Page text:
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Why you should consider a condo as your first home

By Zak Stoiber

April 2018

When it comes to deciding whether to rent an apartment or buy a home, condos are like the middle child: often forgotten, despite their many sterling qualities. (Am I a middle child? How'd you guess?)

Why buying a condo as your first home could make sense 

I never considered buying a condo in my 20s, but it was the first move for my friend Adam after he graduated from college and left the parental nest. Why? “It’s pretty straightforward, actually,” Adam explained. “I was a 23-year-old kid who had a short- to mid-term commitment to a general area. I didn’t have any grand plans to move to a new city in the next 5 years. I also knew I didn’t want to throw gobs of money at a landlord for rent. I did the math and realized by purchasing a condo I’d have about the same monthly expenses as renting while also building equity, giving me an investment that will grow as I live there. Then, if and when I decide to move, I’ll have some added flexibility with the extra cash I get from selling.”

If, like Adam, you’re wondering if buying or renting makes more sense for you, try the math with our calculator.

Adam viewed buying his 2-bedroom condo in Germantown, Wisconsin, as a stepping-stone to his future — except this stepping-stone also grew money. “I’ve gained about 15-20% on my listing. I didn’t go in expecting any appreciation, since the value of condos tends to stay flat. But the market went up, and now I have this nice bonus. The only bonus I would have at the end of renting would be my security deposit. Maybe.”

So is a condo a house, an apartment, or something in between?

The short answer is: You buy a condo like you would any other home, so it's yours to own. That means you can do what you want with it – to an extent. Adam explains: “Condo associations have their own set of bylaws and rules, so mileage may vary. My condo association has a rule that a certain percentage of units be occupied by owners, not tenants. They want people invested. But as long as I’m living there too, I’m free to rent my extra room out to anyone.” However, if Adam decides to move and rent out his whole condo, he’ll only be able to do so if the condo association agrees.

There are also other trade-offs to owning a condo. You’re free to paint your kitchen electric pink, but you have less control over your outdoor space. Adam explains it this way: “If it's inside the walls, it's my responsibility. If it's on the outside, it's generally the condo association’s responsibility.” That means that if you live in a place that tends to snow, like Adam does, having snow removal and provided services is a big benefit compared to buying a home. But if your dishwasher dies, there’s no landlord to take care of it: You own the condo, you deal with it.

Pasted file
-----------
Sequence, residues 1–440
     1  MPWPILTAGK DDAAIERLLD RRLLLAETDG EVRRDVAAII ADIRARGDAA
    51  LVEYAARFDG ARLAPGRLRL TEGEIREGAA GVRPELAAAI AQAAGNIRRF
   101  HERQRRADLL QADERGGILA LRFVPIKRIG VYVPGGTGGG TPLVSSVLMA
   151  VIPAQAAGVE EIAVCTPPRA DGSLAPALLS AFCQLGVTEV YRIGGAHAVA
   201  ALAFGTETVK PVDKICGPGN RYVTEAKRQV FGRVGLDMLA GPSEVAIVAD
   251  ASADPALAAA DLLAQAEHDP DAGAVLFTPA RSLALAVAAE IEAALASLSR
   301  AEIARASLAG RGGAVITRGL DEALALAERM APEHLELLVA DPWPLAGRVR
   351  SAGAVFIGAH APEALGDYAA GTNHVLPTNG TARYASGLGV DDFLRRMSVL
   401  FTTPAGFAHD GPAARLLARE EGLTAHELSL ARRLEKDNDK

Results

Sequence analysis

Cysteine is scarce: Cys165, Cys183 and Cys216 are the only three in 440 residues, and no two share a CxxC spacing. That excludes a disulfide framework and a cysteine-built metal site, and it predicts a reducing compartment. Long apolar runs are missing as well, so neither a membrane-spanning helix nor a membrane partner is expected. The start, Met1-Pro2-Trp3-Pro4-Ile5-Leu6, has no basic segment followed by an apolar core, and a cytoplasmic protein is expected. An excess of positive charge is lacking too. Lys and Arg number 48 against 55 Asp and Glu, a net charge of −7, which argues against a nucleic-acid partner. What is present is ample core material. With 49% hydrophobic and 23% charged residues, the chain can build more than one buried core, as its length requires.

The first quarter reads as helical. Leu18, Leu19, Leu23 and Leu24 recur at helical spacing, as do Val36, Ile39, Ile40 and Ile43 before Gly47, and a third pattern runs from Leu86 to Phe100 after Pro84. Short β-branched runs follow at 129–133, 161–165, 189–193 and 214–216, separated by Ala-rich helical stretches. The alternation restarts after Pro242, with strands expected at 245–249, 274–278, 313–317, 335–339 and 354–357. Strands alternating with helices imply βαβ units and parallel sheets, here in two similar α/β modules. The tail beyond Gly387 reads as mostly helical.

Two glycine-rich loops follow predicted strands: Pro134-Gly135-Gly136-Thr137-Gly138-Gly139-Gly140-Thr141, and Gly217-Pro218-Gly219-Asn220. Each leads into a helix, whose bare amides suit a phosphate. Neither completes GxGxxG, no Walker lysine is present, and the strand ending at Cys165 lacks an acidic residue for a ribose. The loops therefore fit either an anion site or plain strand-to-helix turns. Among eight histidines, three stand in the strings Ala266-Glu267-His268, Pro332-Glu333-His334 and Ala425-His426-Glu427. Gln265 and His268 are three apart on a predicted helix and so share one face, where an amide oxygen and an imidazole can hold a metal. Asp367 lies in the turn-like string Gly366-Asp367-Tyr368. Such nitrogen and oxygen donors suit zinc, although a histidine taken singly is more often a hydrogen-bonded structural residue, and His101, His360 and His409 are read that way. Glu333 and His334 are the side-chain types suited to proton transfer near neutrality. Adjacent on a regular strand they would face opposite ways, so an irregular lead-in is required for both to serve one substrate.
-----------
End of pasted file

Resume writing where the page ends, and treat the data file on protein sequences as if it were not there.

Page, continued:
How do the expenses stack up?

In addition to a mortgage payment, Adam pays a monthly fee to the condo association to cover building maintenance costs, shared services (like snow removal) and contingencies. If he had purchased a single-family home, his maintenance expenses would probably be comparable over time, if less predictable.

For Adam, the decision to purchase a condo instead of renting has worked out even better than he planned. “When I look at the cost of renting a comparable apartment, I’m paying just a touch more to own per month, and I’m also building equity. Not to mention I've rented out a room, which makes the actual monthly expenses even cheaper,” he said.

How much of a down payment do you need to buy a condo?

Buying a condo as your first home means getting a mortgage loan, and a mortgage means paying a down payment. Living with his parents for a while helped Adam save for a down payment, but it wasn't a huge hurdle. He chose to buy a condo in a smaller city to bring down the cost of ownership, as well. “I bought a $100,000 condo with a 5% down payment – an amount that’s similar to a car down payment,” he said. 

Adam followed advice he received from friends and family not to stretch his liquidity to cover a 20% down payment. Instead, he financed with private mortgage insurance (PMI). “In order to get into the condo sooner rather than later, I put down 5% instead of the full 20% down payment,” he explained. “I'd rather have a pile of cash to rely on for emergencies and other expenses, and just pay the negligible PMI each month.” After 5 years in his condo, Adam is close to cancelling his mortgage insurance

What's next for Adam?

“My decision to buy a condo has paid off for me,” Adam said. Whether he chooses to stay in his condo or sell it and use the equity he’s built to move up to a bigger place, he’s happy he decided to become a condo-owner early in his 20s rather than renting.   

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Zak Stoiber is a digital marketing program specialist at MGIC who enjoys reading books, some of which do not contain pictures. He recently became a homeowner mostly to house his board game collection.
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